Sky News and Twitter: Do news organisations trust their journalists?

With all the hullabaloo about Sky News’ new draconian Twitter policy, I am actually more interested in the why rather than the policy as it was reported by The Guardian.

  • No retweets of rival journalists or “people on Twitter”.
  • Stick to your own beat.
  • Don’t tweet about personal or non-professional subjects on their work accounts.

First off, “people on Twitter”? People on Twitter? This reminds me of the old debate we had about quoting bloggers years ago. Yes, a lot of blogs were personal musings, but experts blog about topics including the US Supreme Court, arms control and volcanoes, important if a volcano in Iceland shuts down your airspace. People on Twitter include US President Barack Obama (although usually a member of staff. Tweets from the president end with BO.), the Secretary General of Nato Anders Fogh Rasmussen and Noriyuki Shikata, a Japanese cabinet spokesman tweeting in English, providing at least the official view of what was happening at the stricken nuclear reactors at the Fukushima Daiichi power plant.

A good journalist, such as Sky News’ digital news editor, Neal Mann, builds up a network of verified sources using Twitter just as any journalist does with more traditional sources. I follow more than 700 people on Twitter, and I can tell you sourcing information about almost all of them. Any journalist worth their salt knows the sources on their beat, and for savvy journalists like Neal, Twitter is just an extension of those sources.

Why would a news organisation do this in 2012? I can understand that they want to make sure that tweets by their journalists aren’t completely outside of their editorial process, but they shouldn’t be. What even precipitated this? This question is especially important when their digital news editor, Neal Mann, is the kind of exemplar of how a journalist should use Twitter.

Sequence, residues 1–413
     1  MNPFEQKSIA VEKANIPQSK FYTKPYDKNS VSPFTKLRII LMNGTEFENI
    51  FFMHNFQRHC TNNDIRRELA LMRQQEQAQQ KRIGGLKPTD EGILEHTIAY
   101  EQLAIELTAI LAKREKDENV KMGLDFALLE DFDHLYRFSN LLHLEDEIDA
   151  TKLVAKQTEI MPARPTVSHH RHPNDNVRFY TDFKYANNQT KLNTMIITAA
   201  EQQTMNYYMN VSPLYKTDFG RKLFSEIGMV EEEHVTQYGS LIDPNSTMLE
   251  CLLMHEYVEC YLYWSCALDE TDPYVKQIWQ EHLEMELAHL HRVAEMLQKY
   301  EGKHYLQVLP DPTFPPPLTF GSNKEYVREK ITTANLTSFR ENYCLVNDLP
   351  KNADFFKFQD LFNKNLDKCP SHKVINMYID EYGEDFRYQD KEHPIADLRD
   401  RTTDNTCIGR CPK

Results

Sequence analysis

When the Washington Post had a bit of a Twitter clampdown in 2009, it came after a bit a controversy with personal comments from then digital and feature managing editor Raju Narisetti. The Associated Press revised its Twitter policy last year specifically to address the issue of retweeting to include:

Retweets, like tweets, should not be written in a way that looks like you’re expressing a personal opinion on the issues of the day. A retweet with no comment of your own can easily be seen as a sign of approval of what you’re relaying.

And much as with Sky News’ policy, the AP says in its full policy (available in PDF form by the link above):

Don’t break news that we haven’t published, no matter the format.

Last week, I chaired a social media and journalism panel at’s News Rewired conference that included Neal;  Katherine Haddon, head of online with English, AFP; Tom McArthur, UK editor of; and Laura Kuenssberg, business editor with ITV News. Laura summed up Twitter best practice succinctly:

If you wouldn’t say it on air, don’t tweet it.

Certainly there are some specific considerations for social networks, but frankly, this sums it up. If you can’t trust someone on social media, how can you trust them on air, on your site? There should be one standard of journalism regardless of the platform. Rather than clamping down on Twitter, why don’t news organisations incorporate tweets from their journalists more effectively? The Guardian does this quite effectively on its site. Why don’t broadcast news organisations selectively incorporate tweets from their correspondents in the on-screen crawl or ticker?

Fundamentally, this is down to trust. At The Guardian, when I was blogs editor, we allowed some journalists to publish their own blog posts directly to the site. With live blogging, you have to have trust in the blogger. It was a privilege earned by writers who produced clean copy quickly.

Instead of such self-defeating policies, why not train the staff and when they have proven themselves, then their Twitter accounts are incorporated directly in the site. You can also have it so that tweets only appear on the site when a special hashtag is used. There are so many practical, smart ways to deal with this rather than the retrograde repression that Sky News has chosen. When things like this happen, it says volumes about who is in charge and how little they trust their own staff.

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